Recombinant Albumin Facilitates Formulation Design of Stable Drug Products - Recombinant albumin can stabilize a drug product and assist in the administration and release of the active component. - Bi

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Recombinant Albumin Facilitates Formulation Design of Stable Drug Products
Recombinant albumin can stabilize a drug product and assist in the administration and release of the active component.


BioPharm International
Volume 25, Issue 3, pp. 40-44

ABSTRACT

Formulation of pharmaceuticals to deliver safe, stable active drug products is crucial to both patient and manufacturer. Multifunctional excipients, such as albumin, incorporated into the formulation process facilitate the stabilization of the drug product from degradation and assist in the administration and release of the active component.

The ability of excipients to stabilize and protect an active pharmaceutical ingredient (API) against degradation has caused excipient selection to become more important early in the drug-development process. During manufacturing, transport, and storage, the API can be exposed to a variety of stresses (e.g., temperature variation, pH changes, shear stresses, and freezing) that promote protein degradation, such as denaturation and aggregation. With the potential to increase the immunogenicity and decrease the efficacy and shelf life of the protein drug product, protein stability is a key issue in the final product. Investigating excipient-drug interaction during preformulation stages means that excipient selection, which achieves the desired properties for the final drug product, can be thoroughly explored (1).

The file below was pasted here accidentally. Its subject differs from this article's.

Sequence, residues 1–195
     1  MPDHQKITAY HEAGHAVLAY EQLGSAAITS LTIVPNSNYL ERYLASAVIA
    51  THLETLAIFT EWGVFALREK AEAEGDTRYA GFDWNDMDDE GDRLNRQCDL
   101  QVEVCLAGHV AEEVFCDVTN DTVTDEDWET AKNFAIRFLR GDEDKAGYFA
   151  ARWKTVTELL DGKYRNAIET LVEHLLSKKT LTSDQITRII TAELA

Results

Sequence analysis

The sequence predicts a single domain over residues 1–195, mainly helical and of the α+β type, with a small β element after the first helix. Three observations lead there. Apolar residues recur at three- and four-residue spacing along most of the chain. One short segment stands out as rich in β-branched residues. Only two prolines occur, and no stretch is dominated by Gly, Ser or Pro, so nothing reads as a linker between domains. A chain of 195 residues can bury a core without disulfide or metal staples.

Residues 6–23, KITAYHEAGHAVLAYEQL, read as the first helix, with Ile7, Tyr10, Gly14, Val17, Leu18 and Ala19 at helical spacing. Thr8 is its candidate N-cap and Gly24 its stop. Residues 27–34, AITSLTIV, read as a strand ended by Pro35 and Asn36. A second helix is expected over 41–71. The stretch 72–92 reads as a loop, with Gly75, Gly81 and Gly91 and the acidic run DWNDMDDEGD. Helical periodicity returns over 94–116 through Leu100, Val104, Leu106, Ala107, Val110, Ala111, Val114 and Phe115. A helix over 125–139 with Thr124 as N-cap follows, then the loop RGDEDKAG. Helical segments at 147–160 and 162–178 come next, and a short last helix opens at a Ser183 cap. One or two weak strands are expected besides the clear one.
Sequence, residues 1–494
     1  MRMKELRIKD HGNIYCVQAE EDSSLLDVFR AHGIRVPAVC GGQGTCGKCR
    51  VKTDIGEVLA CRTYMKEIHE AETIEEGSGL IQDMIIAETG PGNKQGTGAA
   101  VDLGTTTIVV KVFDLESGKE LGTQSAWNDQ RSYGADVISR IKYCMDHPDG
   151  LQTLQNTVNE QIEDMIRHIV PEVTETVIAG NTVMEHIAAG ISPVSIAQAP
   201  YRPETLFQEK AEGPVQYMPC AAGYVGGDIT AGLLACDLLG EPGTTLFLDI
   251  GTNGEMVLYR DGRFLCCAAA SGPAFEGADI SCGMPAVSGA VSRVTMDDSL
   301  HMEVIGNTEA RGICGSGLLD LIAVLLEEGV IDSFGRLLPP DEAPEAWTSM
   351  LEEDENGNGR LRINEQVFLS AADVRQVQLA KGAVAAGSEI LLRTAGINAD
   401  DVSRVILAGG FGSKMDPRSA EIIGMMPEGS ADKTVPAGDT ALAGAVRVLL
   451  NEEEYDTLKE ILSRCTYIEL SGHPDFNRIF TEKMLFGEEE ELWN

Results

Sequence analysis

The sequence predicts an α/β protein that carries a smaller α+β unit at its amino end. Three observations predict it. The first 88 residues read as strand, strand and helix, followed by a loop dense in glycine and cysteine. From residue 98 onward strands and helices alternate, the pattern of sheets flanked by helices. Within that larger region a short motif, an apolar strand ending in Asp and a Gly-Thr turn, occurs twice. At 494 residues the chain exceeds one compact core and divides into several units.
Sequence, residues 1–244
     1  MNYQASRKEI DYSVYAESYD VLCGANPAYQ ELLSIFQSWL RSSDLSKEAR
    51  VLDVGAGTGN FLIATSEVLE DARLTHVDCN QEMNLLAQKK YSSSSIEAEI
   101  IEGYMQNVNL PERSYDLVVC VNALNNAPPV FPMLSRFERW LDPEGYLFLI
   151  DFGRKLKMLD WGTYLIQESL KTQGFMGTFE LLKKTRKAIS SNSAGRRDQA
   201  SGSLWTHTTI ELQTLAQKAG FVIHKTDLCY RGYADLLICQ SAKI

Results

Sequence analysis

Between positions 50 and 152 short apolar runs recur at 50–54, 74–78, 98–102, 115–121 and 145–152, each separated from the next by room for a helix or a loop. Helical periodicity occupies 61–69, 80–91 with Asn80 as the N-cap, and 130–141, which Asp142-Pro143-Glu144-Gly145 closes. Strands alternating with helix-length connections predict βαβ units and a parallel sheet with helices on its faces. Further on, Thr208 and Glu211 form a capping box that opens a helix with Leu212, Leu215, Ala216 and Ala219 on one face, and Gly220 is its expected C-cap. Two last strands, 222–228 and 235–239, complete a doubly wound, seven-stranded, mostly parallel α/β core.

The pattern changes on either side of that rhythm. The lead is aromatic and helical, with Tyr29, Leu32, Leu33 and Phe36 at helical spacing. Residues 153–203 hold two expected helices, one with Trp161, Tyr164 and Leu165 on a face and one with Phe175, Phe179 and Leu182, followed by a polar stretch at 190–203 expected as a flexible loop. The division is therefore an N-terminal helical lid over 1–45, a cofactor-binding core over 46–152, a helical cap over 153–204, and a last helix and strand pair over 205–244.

Increasing regulatory pressure on the safety, purity, and standardization of excipients has seen the formation of the International Pharmaceutical Excipients Council (IPEC), which defines excipients as substances other than the active drug that have been appropriately evaluated for safety and are included in a drug-delivery system to aid processing of the system during manufacture, and enhance any other attribute of the overall safety and effectiveness of the drug product during storage and use. Moreover, concerns from regulatory bodies such as FDA have prompted manufacturers to implement quality-by-design principles, where thorough characterization of all material components in the manufacturing process is preferred (2).

Often a drug product will require multiple excipients to obtain optimal stability, quality, and efficacy. In each case, the excipient must be tested for drug-excipient interactions that may potentially alter the drug and excipient functionality. In addition, formulation of challenging molecules such as complex small molecules, macromolecules, and peptides may not be achieved with conventional stabilizing excipients such as sugars, amino acids, and detergents (SADs). It is therefore crucial that excipient manufacturers work closely with the formulators and provide full characterization and understanding of excipients to be used in a drug formulation (1, 3). This article describes a recombinant human albumin (rAlbumin), as an example of a fully characterized multifunctional excipient for the formulation of protein therapeutics and explores its ability to prevent or minimize physical and chemical degradation of drug substances in various test formulations.

OXIDATION